Pro-fracking insider appointed by Clinton to head presidential transition team
Even though she hasn’t won the election yet, the former secretary of state chose her old cabinet colleague, Ken Salazar, a big supporter of fracking who served as President Barack Obama’s interior secretary.
The controversial method of extracting gas was a big wedge issues between Bernie backers and Clinton, so this move could push more progressives towards her Green Party opponent Jill Stein, the only major presidential candidate against the controversial method for extracting gas.
Clinton’s transition team will put together names for cabinet and administration positions - and develop policy plans, shaping her presidency from day one.
Salazar served as a Colorado senator from 2005-2009 before joining the Obama administration as secretary of the interior, where he was responsible for allowing offshore drilling in the Arctic Ocean.
He’s a friend of the coal and mining industries - and supporter of the controversial Trans-Pacific Partnership (TPP) trade agreement, which gives corporations power to ignore and quash government regulations aimed at protecting the environment.
Salazar went from the Obama cabinet to a law and lobbying firm Wilmer Hale, the third most influential firm in 2015.
While not technically a lobbyist, he spent his time at Wilmer Hale pushing a pro-fracking agenda and supporting TPP.
“We know that, from everything we’ve seen, there’s not a single case where hydraulic fracking has created an environmental problem for anyone,” Salazar said, speaking at a oil and gas conference called the North American Prospect Expo in 2014, where he pushed the benefits of fracking. “We need to make sure that story is told.”
While Salazar boasted of the TPP’s ability to protect elephants and the ozone layer as well as encourage renewable energy, he failed to mention the deal’s lack of enforceable environmental protection provisions or protections against overfishing and illegal logging.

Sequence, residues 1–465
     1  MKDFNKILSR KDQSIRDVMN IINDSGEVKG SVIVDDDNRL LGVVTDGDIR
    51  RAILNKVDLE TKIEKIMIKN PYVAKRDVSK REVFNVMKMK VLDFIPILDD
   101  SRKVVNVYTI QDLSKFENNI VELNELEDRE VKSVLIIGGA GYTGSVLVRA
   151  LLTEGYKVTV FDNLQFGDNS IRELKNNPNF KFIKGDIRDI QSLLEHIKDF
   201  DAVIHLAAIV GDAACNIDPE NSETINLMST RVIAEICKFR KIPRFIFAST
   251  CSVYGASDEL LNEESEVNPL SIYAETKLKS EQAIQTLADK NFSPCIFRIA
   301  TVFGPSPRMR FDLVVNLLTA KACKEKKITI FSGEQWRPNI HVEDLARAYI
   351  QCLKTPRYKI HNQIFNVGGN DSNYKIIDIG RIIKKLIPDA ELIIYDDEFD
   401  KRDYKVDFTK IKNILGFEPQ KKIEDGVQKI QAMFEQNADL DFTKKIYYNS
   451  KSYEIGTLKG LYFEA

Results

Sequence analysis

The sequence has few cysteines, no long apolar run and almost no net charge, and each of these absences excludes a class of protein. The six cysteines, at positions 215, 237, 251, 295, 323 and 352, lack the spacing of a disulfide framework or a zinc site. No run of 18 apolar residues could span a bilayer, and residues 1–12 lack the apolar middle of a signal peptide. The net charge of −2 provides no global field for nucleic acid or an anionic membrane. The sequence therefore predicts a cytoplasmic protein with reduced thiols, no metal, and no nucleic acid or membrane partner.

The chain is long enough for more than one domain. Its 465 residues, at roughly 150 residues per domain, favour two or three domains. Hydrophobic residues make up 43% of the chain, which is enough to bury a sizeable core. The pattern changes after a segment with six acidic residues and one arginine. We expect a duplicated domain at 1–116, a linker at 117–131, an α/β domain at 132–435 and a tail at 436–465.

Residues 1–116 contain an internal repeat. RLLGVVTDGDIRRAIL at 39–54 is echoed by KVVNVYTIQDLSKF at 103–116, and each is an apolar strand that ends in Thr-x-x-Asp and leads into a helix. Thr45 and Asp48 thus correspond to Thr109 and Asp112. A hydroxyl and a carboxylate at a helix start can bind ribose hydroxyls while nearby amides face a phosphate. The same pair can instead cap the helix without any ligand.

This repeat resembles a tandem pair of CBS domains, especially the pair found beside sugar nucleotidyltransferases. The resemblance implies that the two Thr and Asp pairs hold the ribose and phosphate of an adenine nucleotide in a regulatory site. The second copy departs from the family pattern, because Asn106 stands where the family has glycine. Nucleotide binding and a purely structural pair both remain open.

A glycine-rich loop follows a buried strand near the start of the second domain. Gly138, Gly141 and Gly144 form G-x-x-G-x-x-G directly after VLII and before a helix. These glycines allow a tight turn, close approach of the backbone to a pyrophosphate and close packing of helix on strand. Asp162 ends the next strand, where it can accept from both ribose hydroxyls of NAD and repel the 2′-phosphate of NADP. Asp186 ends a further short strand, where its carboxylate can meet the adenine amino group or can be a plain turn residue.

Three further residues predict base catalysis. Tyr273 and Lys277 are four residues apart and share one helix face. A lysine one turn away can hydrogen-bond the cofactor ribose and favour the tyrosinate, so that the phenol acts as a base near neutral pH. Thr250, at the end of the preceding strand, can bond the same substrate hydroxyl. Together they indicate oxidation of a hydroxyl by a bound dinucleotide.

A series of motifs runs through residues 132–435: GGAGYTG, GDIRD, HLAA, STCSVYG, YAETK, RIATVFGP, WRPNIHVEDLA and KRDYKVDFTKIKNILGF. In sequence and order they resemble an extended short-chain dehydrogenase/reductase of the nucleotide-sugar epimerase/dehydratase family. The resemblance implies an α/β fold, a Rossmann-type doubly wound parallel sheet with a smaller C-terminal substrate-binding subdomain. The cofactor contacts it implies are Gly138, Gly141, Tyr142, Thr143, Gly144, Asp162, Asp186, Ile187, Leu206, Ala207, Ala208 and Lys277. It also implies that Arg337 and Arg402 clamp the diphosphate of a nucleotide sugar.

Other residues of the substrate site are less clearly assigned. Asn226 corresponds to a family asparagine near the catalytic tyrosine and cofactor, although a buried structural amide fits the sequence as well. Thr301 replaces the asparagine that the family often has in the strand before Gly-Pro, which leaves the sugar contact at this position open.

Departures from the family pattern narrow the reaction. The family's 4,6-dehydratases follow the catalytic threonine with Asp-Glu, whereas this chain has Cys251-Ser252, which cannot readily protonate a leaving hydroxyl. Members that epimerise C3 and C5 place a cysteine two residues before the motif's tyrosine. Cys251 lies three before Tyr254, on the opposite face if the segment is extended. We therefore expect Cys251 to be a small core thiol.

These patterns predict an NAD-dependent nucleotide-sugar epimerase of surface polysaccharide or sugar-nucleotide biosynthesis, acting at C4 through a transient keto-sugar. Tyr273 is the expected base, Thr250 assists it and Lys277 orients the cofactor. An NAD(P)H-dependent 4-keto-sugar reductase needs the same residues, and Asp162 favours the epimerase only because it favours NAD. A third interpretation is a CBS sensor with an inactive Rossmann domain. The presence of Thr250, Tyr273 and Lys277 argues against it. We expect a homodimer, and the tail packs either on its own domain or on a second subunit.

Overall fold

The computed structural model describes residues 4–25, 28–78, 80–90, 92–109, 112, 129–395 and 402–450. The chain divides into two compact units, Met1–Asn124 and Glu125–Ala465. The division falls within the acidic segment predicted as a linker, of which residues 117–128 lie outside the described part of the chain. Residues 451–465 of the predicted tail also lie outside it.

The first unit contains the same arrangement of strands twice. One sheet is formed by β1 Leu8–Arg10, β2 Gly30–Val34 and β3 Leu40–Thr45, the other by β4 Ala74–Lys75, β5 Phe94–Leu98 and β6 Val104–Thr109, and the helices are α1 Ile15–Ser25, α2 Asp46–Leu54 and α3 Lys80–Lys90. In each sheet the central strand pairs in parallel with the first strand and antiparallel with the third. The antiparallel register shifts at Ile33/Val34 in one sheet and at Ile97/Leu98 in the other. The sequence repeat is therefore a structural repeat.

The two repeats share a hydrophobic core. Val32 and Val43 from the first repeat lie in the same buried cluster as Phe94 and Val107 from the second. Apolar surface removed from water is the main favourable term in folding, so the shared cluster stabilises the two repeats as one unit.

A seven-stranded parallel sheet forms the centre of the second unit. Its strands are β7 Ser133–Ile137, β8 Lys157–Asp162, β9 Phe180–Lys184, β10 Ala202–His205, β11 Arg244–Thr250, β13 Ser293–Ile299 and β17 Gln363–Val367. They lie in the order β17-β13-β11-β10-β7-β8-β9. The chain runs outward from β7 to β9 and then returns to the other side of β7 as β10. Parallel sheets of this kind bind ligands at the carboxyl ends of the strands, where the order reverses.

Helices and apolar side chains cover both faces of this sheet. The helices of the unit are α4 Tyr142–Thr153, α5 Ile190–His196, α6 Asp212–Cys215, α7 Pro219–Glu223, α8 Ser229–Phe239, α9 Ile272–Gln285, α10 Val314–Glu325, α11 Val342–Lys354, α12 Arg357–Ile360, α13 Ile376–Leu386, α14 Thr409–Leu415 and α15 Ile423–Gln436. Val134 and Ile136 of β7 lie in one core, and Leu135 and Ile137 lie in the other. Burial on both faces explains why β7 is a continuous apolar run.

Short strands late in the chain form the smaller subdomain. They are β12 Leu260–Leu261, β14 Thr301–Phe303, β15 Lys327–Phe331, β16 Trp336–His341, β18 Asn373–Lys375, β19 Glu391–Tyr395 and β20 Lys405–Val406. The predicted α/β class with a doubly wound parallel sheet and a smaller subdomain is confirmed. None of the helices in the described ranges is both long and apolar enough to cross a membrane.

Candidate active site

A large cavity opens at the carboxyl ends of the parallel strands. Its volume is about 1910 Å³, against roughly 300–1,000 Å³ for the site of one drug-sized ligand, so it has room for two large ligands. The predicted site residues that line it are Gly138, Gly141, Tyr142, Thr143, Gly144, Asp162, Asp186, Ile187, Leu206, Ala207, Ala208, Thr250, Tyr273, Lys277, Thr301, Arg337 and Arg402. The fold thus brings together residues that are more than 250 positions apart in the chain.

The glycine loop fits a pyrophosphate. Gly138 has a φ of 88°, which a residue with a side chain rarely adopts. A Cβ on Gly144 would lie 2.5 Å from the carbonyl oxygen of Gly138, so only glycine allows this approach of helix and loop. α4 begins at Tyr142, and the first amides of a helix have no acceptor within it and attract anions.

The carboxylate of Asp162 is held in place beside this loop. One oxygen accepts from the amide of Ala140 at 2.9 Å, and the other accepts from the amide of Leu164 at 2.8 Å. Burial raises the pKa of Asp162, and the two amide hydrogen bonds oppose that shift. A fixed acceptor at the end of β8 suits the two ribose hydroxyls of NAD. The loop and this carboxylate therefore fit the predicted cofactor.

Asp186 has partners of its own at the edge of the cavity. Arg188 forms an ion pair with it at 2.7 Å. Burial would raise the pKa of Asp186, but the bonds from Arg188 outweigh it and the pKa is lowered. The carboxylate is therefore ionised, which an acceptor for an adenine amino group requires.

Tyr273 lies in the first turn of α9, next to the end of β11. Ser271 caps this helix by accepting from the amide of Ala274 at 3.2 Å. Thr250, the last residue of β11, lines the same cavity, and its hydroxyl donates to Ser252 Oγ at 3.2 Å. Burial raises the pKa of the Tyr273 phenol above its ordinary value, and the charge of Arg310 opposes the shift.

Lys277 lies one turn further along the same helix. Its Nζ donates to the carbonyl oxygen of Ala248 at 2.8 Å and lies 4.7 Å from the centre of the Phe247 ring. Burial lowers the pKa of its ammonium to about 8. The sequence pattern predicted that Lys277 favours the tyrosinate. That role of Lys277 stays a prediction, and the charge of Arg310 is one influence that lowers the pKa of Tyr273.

Greenpeace referred to Salazar’s appointment as “the last thing her team needs” if she hopes to tackle climate change.
“(Salazar) illustrates time and again that he is on the side of big industry, and not of the people,” Greenpeace’s Molly Dorozenski said. “His most recent opposition to the anti-fracking initiatives in his home state of Colorado directly undermines Clinton’s alleged support of local control over fracking. If Secretary Clinton wants to be the environmental leader that she claims to be in campaign speeches, she has to put the people before industry insiders.”
Two of the transition team co-chairs are longtime Clinton insiders dating back to her husband’s time in the White House.
Neera Tanden is a Clinton policy advisor and Maggie Williams was her former chief of staff as first lady.
Former National Security Advisor (and Bilderberg attendee) Tom Donilon, pro-Clinton super PAC head and former Michigan Governor Jennifer Granholm, and Clinton aides Ed Meier and Ann O'Leary will all serve as co-chairs to the transition team.
Donilon was picked to lead a team to enhance cybersecurity in February, although it’s not known if that includes a private email server.
As chief of staff to Bill Clinton’s Secretary of State Warren Christopher, Donilon worked on the Bosnian peace agreement and NATO expansion.